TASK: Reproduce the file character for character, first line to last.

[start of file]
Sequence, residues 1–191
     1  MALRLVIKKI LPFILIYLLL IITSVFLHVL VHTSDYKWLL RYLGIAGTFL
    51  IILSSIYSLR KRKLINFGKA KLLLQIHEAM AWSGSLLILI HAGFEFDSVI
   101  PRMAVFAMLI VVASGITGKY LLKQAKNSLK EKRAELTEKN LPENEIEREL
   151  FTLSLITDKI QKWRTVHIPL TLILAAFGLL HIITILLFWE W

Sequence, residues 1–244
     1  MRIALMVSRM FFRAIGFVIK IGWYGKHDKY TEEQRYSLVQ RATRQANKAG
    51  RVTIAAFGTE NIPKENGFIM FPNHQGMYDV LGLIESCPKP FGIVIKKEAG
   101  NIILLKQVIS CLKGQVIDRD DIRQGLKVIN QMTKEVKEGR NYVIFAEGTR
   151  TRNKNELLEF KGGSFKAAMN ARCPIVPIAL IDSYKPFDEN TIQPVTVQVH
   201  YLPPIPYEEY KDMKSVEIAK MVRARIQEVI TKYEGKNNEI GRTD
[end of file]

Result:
Sequence, residues 1–191
     1  MALRLVIKKI LPFILIYLLL IITSVFLHVL VHTSDYKWLL RYLGIAGTFL
    51  IILSSIYSLR KRKLINFGKA KLLLQIHEAM AWSGSLLILI HAGFEFDSVI
   101  PRMAVFAMLI VVASGITGKY LLKQAKNSLK EKRAELTEKN LPENEIEREL
   151  FTLSLITDKI QKWRTVHIPL TLILAAFGLL HIITILLFWE W

Sequence, residues 1–244
     1  MRIALMVSRM FFRAIGFVIK IGWYGKHDKY TEEQRYSLVQ RATRQANKAG
    51  RVTIAAFGTE NIPKENGFIM FPNHQGMYDV LGLIESCPKP FGIVIKKEAG
   101  NIILLKQVIS CLKGQVIDRD DIRQGLKVIN QMTKEVKEGR NYVIFAEGTR
   151  TRNKNELLEF KGGSFKAAMN ARCPIVPIAL IDSYKPFDEN TIQPVTVQVH
   201  YLPPIPYEEY KDMKSVEIAK MVRARIQEVI TKYEGKNNEI GRTD